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Belly Breathing

February 20, 2009

Before we were born, our mother provided through our umbilical cord the nutrients, food, and oxygen that we needed to live. In many traditions, the area just below the navel and midway into the body is considered to be a sacred center of energy. In any event, our belly is one of the major areas that get tight and tense when we are under a lot of stress. And this greatly affects our internal organs, our breath, our energy, and our overall health. In this breathing exercise, we are going to work with “belly breathing” in order to open our belly and allow our diaphragm to move deeper down into our abdomen on inhalation and farther up to squeeze our lungs and support our heart on exhalation. This will have a powerful influence on our respiration, on the way we breathe in the many conditions of our lives. This practice is also described in my book Free Your Breath, Free Your Life. As you experiment with the practice, be sure, if possible, to exhale and inhale through your nose.

1. Lie down comfortably on your back on your bed or on a mat or carpeted floor. Position yourself with your feet flat on the floor and your knees bent (pointing upward). Simply follow your breathing for a minute or two with your attention. See if you can sense which parts of your body your breath touches.Bell Breathing Position
2. Continue to follow your breathing as you rub your hands together until they are very warm.
3. Put your hands (one on top of the other) on your belly, with the center of your lower hand touching your navel. Watch how your breathing responds.
4. You may notice that your belly wants to expand as you inhale and retract as you exhale. Let this happen, but don’t try to force it.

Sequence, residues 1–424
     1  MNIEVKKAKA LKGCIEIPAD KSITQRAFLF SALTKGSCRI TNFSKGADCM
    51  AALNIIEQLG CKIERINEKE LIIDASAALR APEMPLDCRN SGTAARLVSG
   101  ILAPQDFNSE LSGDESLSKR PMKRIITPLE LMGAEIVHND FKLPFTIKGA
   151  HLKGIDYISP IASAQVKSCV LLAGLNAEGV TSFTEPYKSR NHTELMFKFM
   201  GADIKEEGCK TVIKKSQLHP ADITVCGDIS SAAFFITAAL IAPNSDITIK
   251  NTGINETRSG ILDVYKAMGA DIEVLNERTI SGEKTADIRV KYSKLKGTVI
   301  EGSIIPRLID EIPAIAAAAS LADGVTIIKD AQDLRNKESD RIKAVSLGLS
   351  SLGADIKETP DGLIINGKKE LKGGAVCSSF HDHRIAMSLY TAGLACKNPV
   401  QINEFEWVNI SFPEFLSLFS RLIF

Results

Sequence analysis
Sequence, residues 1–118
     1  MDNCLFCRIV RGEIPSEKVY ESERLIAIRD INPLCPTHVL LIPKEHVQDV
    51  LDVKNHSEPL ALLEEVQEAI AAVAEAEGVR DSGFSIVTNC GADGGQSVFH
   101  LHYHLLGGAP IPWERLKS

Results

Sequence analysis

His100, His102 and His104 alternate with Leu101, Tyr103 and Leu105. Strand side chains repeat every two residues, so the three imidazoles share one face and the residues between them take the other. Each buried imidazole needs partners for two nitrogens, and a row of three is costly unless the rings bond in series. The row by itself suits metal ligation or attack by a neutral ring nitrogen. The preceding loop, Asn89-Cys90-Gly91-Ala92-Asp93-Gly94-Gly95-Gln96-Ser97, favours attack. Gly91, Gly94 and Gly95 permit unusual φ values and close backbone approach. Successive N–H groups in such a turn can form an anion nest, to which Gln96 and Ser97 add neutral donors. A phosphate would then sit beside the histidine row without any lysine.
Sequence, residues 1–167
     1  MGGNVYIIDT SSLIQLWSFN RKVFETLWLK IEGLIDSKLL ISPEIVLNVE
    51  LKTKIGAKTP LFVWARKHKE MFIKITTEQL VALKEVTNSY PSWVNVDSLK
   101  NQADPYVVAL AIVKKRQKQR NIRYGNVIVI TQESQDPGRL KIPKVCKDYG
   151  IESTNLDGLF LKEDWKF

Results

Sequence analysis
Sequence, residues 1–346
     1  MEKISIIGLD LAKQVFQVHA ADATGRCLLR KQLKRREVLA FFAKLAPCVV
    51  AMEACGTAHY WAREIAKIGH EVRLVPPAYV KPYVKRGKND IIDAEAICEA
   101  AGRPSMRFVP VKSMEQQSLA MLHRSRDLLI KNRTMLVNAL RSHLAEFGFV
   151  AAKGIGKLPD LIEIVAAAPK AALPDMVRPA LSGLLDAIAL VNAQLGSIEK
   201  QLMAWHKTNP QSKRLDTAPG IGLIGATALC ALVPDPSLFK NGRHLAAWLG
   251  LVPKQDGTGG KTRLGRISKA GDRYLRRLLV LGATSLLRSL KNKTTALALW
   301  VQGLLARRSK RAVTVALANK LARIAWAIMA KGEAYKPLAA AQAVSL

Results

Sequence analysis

5. If your belly seems tight, rub your hands together again until they are warm and then massage your belly, especially right around the outside edge of your belly button. Notice how your belly begins to soften and relax.
6. Now rub your hands together again until they are warm and put them on your belly again. Watch how this influences your breath. Do not try to do anything. Simply watch and enjoy as your belly begins to come to life, expanding as you inhale and retracting as you exhale.
7. If your belly still seems overly tight and does not want to move as you breathe, press down with your hands on your belly as you exhale. Then as you inhale, gradually release the tension. Try this several times. Notice how your belly begins to open more on inhalation.
8. When you are ready to stop, be sure to sense your entire abdominal area, noting any special sensations of warmth, comfort, and energy. Spend a few minutes allowing these sensations to spread into all the cells of your belly all the way back to your spine.

This simple practice will have a highly beneficial affect on your breathing, especially if you do it on a regular basis. Remember that you can try this practice at any time of the day or night. Though it’s easiest if you are lying down, you can also do it sitting, standing, walking, and so on. It is an excellent practice to try before you get out of bed in the morning. It is also an excellent practice to work with whenever you are anxious or tense, since it will help relax you and center your energy. Over time, it will help slow down your breathing and make it more natural.

Copyright 1996-2009 by Dennis Lewis

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